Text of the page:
Among the many stressful things in military life is watching everything you own get wrapped, boxed, packed and put on a truck, followed by watching it get delivered and unpacked while you hope little is broken and nothing is missing. And at the center of this military move process are teams of people you've likely never met before doing the work. Will they treat your belongings kindly? Will they steal your items? Do they even care at all? Those were the questions that drove Army veterans and military spouses Wendy Way and Isabel Garcia Schmitt to create their own military packer and unloader company, LOGSA Mil Moves. Known as "agents" within the moving industry, the quality of work done by those teams makes a huge difference on how your move goes.
Way and Schmitt have learned a lot about making moves go smoothly for military family members like themselves. They joined PCS with Military.com to share their best tips. Here's some of what they said.
Avoid feeding and never tip your movers. It might come as a surprise to most military families, but beyond providing water and drinks, Way and Schmitt discourage anyone from feeding their moving crew and say absolutely no cash tips. Either action, they said, creates unreasonable expectations and, worse, sets the stage for financial inequity.
"Oftentimes that tip is sometimes correlated with the quality of service, which is sometimes correlated with the [military] rank of the move, and that's not what we want. We want every service member to receive the same move. We want to have a standard and we want to stick with that standard, and we don't want it to be tied to some benefit that's expected, or we don't want moves that go awry because something wasn't received," Schmitt said.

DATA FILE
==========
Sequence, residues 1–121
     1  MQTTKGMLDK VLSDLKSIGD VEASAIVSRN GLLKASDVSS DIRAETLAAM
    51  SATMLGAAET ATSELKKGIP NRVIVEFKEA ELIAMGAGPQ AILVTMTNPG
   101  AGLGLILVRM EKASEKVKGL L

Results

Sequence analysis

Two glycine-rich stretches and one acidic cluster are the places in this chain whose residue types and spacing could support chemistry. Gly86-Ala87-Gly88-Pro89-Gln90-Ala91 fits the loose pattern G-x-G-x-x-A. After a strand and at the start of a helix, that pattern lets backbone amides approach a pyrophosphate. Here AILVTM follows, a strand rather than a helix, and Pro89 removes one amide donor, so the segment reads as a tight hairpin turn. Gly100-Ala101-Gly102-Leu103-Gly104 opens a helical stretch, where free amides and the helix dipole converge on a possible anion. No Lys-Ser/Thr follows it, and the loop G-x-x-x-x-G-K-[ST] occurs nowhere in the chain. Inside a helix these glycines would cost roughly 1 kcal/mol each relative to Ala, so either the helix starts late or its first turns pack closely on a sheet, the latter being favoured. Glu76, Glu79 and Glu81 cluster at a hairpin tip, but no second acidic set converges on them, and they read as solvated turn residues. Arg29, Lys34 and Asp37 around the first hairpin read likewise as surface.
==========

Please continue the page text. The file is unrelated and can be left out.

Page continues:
The same is true for providing lunch or dinner, she said.
"It's not encouraged," she said. "You're setting up these unfair conditions for that Private family, that Specialist family, that 2nd Lieutenant family. You may be setting them up for failure if you're providing something that another military family isn't able to provide."
Just because one packing crew did something doesn't mean another one will. Because there aren't many hard-and-fast rules from the Defense Department around what the pack-out crew can and cannot do in your home, it can be hard to have accurate packing-day expectations, said Way. That means you need to remember that while one crew may do something like remove a TV from your wall for you, another might know doing that puts too much liability risk on their company. Over-communicating with your crew and understanding your rights are key, she said.
"I think my biggest surprise when getting into this industry ... [was] when I kept asking, 'Where is the regulation? Where is the standard?' Because there actually is no standard," she said.
Remember many people are dealing with your move. While door-to-door moves are nice, they are rare, Way and Schmitt said. That means that the team that packs your belongings in North Carolina, for example, won't be there to unpack them when they arrive in California, and the person driving them may not be the same person who delivers them.
That means only communicating by word of mouth isn't the best method, they said. Instead, document everything.
"That crew that you are communicating with may not be able to just, by virtue of them being in North Carolina and the unpack could be in California, be able to pass on that information," said Schmitt. "Excluding the door-to-door, your move may be touched by four different entities or more between the time it's packed at your home and then it's unpacked at your new location."
"The most important of all is communication drives everything," Way said. "Communicate, communicate, communicate."
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